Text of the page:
The Diplomat’s Assistant Editor Zachary Keck sat down with former U.S. National Security advisor Zbigniew Brzezinski to discuss America’s role in world affairs, the shifting geopolitics of the Asia-Pacific, the feasibility of eliminating nuclear weapons, and rising powers growing involvement in America’s backdoor.
In Strategic Vision you argue that in today’s world no one power will ever be capable of dominating Eurasia in the way Harold Mackinder famously envisioned. Taking that argument at its face, this represents a tectonic shift for U.S. foreign policy given that, long before Washington was able to meaningfully affect the balance of power in Eurasia, its leaders saw preventing a hegemon from dominating it as a key strategic necessity. If the U.S. no longer has to concern itself with safeguarding Mackinder’s “world-island” from a potential hegemon(s), what should be the main objective of U.S. engagement in Europe and Asia going forward?
The main objective of U.S. engagement in Europe and in Asia should be to support an equilibrium that discourages any one power from acting in an excessively assertive fashion towards its neighbors. In the foreseeable future, it is, in any case, unlikely that any single power will have the military superiority that would enable it to assert itself in a hegemonic fashion on as a diverse, complex, and complicated mega-continent such as Eurasia. Having a close relationship with Europe, though maintaining a complex partnership with China and an alliance with Japan, will provide the United States with sufficient foci for a strategic engagement designed to maintain a relatively stable even if delicate equilibrium on the so-called “world island.”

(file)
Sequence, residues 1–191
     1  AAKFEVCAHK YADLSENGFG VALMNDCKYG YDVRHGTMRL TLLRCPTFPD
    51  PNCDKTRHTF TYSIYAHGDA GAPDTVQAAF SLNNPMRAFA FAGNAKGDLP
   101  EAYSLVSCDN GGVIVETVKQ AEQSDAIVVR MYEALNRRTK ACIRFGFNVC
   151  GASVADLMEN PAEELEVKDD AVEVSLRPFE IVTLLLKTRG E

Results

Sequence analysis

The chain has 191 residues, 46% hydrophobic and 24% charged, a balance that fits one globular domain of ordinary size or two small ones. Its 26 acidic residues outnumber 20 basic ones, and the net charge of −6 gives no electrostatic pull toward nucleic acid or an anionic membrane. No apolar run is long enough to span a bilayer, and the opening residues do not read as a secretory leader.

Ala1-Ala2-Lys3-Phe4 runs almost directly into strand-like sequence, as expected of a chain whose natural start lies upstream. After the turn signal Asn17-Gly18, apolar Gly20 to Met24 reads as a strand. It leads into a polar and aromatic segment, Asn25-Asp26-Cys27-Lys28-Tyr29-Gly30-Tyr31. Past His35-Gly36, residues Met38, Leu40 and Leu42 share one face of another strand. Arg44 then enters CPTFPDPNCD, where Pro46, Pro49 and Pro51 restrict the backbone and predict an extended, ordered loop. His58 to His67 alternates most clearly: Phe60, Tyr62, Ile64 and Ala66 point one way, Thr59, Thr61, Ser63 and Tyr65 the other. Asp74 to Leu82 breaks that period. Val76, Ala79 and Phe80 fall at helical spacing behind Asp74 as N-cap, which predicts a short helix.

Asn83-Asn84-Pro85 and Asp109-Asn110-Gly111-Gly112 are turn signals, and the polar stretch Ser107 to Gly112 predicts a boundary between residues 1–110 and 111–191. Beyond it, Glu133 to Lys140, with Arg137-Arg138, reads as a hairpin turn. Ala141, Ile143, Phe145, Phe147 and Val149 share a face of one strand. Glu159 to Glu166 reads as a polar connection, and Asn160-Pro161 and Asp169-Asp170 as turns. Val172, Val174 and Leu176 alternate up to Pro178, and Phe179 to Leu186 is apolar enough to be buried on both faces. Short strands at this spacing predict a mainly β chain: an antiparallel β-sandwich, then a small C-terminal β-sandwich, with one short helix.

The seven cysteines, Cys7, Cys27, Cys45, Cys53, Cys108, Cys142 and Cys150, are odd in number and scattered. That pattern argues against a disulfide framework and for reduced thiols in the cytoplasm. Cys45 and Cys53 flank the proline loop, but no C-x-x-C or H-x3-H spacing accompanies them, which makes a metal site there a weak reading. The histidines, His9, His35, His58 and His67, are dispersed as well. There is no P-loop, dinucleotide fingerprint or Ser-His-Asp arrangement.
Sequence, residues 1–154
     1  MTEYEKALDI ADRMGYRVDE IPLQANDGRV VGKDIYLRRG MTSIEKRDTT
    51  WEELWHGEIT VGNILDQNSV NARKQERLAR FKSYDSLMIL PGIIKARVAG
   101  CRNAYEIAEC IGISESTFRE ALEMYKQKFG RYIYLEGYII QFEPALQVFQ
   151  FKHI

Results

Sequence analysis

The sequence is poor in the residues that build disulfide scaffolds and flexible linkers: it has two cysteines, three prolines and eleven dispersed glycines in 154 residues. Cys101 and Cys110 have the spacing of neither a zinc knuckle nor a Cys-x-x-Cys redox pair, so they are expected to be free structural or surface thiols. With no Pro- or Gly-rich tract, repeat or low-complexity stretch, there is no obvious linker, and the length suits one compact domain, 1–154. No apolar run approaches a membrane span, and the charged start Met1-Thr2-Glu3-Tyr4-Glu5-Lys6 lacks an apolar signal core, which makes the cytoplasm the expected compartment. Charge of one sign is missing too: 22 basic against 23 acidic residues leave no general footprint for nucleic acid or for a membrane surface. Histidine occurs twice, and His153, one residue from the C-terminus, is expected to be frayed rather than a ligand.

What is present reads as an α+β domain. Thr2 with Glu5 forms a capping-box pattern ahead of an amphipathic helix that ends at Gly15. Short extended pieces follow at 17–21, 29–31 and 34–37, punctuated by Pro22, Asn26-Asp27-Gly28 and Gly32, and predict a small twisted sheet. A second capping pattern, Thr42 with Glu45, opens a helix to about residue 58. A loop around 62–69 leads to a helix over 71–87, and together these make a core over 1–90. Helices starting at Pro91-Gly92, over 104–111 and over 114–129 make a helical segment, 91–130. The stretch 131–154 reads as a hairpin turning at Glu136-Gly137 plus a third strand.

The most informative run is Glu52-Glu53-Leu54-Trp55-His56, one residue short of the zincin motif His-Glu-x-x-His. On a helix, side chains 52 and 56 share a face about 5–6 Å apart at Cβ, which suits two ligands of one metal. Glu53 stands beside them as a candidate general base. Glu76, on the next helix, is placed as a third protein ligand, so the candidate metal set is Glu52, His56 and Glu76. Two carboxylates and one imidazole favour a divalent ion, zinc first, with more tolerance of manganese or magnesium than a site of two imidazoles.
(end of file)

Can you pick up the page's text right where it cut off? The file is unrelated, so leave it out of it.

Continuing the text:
In the book you state that the U.S. should act as a neutral arbitrator between Asia’s major powers, with the possible exception of Japan. The Obama administration has usually heeded this advice but recently diverged from it by issuing a harsh statement about the South China Sea that singled out China. What do you see as the reasoning behind doing this and do you think it was a mistake?
I think the United States’ position on freedom of navigation is generally correct, but it has been pursued lately in a clumsy fashion. It is to be regretted that it was announced in the context of a so-called “strategic pivot,” implying in the process that it involves an augmentation of American military power in Asia as a necessary response to the newly emerging geopolitical realities in the Far East. In brief, it is not surprising that the Chinese understood it to mean that the United States is beginning to fashion a coalition against China, something which at this stage at least is premature and runs the risk of becoming a self-fulfilling prophecy.